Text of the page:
KPI – May 2024: Consumer Trends

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Below is a synopsis of consumer confidence, sentiment, demand and income/spending trends. 

The Conference Board Consumer Confidence Index® deteriorated for the third consecutive month, plummeting from a downwardly revised 103.1 in March to a dismal 97.0 (1985=100) in April – its lowest level since July 2022. The Present Situation Index – based on consumers’ assessment of current business and labor market conditions – declined to 142.9 (1985=100) in April from a downwardly revised 146.8 in March. In addition, the Expectations Index – based on consumers’ short-term outlook for income, business and labor market conditions – nosedived to 66.4 (1985=100) from a slightly upwardly revised 74.0 last month. Historically, an Expectations Index reading below 80 signals a forthcoming recession.

KPI - May 2024: Consumer Trends | THE SHOP

According to Dana Peterson, chief economist at The Conference Board, data shows confidence declined among consumers of all age and nearly all income groups, except for the $25,000 to $49,999 bracket. In particular, she says consumers under age 35 continued to express greater confidence compared to those over 35. In April, households with incomes below $25,000 and above $75,000 reported the largest deteriorations in confidence. By contrast, confidence among consumers earning less than $50,000 remained stable over the past six months.

Elevated price levels, especially in categories like food and gas, dominated consumer concerns. Politics and global conflicts were top of mind as well. In addition, consumers were less optimistic about their family’s financial situation, both currently and over the next six months.

According to a supplemental survey question, consumers noted they would cut back on discretionary purchases to save money, including food away from home, clothing/fashion items, entertainment away from home and vacations. Meanwhile, data shows fewer consumers plan to reduce spending on non-discretionary purchases like childcare, education and health care.

KPI - May 2024: Consumer Trends | THE SHOP

Similarly, the University of Michigan Survey of Consumers – a survey consisting of approximately 50 core questions covering consumers’ assessments of their personal financial situation, buying attitudes and overall economic conditions – finished at 77.2 in April, down from 79.4 in March. Of concern, May’s preliminary reading stands at 67.4, the lowest reading in approximately six months.

“This month’s trend in sentiment is characterized by a broad consensus across consumers, with decreases across age, income and education groups,” says Joanne Hsu, director of Survey of Consumers. “Consumers in western states exhibited a particularly steep drop. While consumers had been reserving judgment for the past few months, they now perceive negative developments on a number of dimensions. They expressed worries that inflation, unemployment and interest rates may all be moving in an unfavorable direction in the year ahead.”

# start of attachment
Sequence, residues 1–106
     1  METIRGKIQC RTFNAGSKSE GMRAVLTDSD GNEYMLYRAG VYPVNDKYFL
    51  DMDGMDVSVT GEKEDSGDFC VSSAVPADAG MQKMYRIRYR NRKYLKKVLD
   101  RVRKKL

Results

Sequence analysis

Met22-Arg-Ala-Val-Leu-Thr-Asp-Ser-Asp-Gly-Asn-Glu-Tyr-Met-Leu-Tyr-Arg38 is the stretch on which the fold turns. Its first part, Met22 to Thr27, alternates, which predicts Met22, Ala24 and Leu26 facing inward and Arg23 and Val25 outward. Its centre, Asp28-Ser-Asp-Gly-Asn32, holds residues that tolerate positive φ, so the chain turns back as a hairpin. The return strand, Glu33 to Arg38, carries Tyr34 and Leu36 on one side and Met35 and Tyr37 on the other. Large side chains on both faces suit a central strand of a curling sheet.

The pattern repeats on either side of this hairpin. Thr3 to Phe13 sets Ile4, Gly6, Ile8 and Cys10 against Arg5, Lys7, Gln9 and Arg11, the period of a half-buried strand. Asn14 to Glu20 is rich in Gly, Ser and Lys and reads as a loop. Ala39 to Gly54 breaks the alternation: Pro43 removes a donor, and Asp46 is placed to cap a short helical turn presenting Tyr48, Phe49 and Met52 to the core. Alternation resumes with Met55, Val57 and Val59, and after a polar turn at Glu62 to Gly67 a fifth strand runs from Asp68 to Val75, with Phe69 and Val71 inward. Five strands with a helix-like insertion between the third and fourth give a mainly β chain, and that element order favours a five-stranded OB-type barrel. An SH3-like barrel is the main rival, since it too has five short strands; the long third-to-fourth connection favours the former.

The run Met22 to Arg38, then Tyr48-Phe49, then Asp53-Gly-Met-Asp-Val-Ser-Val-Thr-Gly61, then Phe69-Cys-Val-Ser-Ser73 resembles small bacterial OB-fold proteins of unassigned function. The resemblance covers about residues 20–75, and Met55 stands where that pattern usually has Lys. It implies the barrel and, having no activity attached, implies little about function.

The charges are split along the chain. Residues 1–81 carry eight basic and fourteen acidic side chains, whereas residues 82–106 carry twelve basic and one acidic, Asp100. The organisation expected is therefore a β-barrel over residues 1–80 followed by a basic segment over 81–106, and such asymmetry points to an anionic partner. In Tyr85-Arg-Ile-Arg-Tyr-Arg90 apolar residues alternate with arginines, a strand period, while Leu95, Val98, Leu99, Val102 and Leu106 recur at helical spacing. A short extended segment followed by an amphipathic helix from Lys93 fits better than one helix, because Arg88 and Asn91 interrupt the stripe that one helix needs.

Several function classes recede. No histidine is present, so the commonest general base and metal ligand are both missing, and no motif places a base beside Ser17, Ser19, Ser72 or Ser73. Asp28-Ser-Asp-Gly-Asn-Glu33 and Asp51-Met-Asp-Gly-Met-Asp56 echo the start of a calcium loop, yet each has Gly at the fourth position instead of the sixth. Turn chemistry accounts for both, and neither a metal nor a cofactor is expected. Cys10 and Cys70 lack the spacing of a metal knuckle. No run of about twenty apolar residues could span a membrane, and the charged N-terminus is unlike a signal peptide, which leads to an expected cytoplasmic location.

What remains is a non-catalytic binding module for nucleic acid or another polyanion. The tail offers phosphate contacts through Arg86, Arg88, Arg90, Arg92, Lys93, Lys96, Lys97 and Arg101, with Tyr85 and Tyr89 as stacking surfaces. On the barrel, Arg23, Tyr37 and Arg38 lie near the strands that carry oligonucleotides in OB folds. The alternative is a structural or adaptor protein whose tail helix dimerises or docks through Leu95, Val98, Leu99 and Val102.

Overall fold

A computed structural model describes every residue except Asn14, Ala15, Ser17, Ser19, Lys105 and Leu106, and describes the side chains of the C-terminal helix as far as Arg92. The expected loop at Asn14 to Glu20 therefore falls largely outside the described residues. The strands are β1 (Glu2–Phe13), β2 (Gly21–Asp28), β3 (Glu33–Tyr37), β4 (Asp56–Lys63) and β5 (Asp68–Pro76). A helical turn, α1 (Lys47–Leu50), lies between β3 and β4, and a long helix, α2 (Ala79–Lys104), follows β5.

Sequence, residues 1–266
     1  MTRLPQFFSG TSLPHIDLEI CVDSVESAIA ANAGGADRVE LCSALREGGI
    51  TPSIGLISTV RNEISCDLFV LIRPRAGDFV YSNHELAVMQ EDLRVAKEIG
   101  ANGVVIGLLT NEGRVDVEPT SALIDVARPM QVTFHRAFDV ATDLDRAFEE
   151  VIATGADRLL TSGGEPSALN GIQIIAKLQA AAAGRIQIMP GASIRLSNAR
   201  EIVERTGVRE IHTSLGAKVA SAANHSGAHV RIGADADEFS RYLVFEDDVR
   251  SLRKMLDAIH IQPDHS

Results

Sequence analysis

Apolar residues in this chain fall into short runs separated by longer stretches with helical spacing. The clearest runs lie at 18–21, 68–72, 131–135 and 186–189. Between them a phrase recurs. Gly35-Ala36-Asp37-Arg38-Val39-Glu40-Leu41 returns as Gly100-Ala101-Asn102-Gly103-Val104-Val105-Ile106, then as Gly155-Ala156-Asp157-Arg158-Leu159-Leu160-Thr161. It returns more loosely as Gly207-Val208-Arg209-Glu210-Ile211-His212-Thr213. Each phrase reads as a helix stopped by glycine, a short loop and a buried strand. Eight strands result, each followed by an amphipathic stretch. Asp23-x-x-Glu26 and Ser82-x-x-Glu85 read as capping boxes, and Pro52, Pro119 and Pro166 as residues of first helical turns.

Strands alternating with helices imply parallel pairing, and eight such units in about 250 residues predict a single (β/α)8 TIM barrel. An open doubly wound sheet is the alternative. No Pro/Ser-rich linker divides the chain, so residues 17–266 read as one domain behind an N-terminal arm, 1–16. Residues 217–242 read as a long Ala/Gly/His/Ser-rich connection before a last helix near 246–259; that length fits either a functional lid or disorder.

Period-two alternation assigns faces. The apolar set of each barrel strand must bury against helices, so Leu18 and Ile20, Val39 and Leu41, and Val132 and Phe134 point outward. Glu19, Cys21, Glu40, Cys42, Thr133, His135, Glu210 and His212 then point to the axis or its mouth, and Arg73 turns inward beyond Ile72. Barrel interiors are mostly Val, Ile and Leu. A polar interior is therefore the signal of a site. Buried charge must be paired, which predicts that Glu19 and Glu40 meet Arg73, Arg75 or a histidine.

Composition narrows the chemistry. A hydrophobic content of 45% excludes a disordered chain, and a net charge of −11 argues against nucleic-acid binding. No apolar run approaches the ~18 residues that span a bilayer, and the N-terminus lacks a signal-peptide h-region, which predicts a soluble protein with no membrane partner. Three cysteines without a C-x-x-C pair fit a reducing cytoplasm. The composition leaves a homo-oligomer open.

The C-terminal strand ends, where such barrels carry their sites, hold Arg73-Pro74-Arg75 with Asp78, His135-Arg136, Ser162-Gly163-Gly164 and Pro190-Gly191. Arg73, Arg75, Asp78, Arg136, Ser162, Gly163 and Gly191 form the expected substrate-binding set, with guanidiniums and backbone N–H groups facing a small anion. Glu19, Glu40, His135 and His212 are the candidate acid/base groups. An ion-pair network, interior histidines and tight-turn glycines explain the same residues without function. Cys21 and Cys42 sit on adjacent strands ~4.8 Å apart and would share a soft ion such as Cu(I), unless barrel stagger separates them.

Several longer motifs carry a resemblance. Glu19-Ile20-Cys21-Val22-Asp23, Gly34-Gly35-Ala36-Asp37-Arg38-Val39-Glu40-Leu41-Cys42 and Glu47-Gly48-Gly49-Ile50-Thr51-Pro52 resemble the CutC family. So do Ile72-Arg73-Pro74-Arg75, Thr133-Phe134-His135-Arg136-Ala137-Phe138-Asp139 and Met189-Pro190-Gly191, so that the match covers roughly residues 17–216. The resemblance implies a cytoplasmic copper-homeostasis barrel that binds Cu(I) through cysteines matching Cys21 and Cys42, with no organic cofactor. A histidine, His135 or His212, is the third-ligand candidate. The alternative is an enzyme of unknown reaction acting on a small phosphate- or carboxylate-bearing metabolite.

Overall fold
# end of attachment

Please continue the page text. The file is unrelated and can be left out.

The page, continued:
• Year-ahead inflation expectations increased from 3.2% last month to 3.5% this month, above the 2.3-3.0% range seen in the two years prior to the pandemic. 
  • Long-run inflation expectations inched up from 3% last month to 3.1% this month. Although they have been within the narrow 2.9-3.1% range for 30 of the last 34 months, long-run inflation expectations remain elevated relative to the 2.2-2.6% range recorded in the two years pre-pandemic.

Consumer Income & Spending

According to the U.S. Bureau of Economic Analysis (BEA), in March 2024 personal income increased $122 billion (0.5% at a monthly rate), while disposable personal income – personal income less personal current taxes – climbed $104 billion (0.5%) and personal consumption expenditures (PCE) jumped $160.9 billion (0.8%).

KPI - May 2024: Consumer Trends | THE SHOP

In addition, personal outlays – the sum of personal consumption expenditures, personal interest payments and personal current transfer payments – increased $172.1 billion. Personal saving was $671 billion in March and the personal saving rate – personal saving as a percentage of disposable personal income – registered 3.2%.

Important Takeaways, Courtesy of BEA:

  • In March, the $160.9 billion increase in current-dollar PCE reflected an increase of $80.6 billion in spending for services and a $80.3 billion increase in spending for goods. Within services, the largest contributors to the increase were health care (both outpatient and hospital services), as well as housing and utilities (led by housing). Within goods, the largest contributors included gasoline and other energy goods (led by motor vehicle fuels, lubricants and fluids), other nondurable goods (led by recreational items) and food and beverages.
  • Overall, the PCE price index rose 0.3% month-over-month in March. Prices for services increased 0.4%, while prices for goods ticked up 0.1%. Food prices decreased a nominal 0.1%, while energy prices increased 1.2%. The same index increased 2.7% year-over-year, with food and energy prices increasing 1.5% and 2.6%, respectively.

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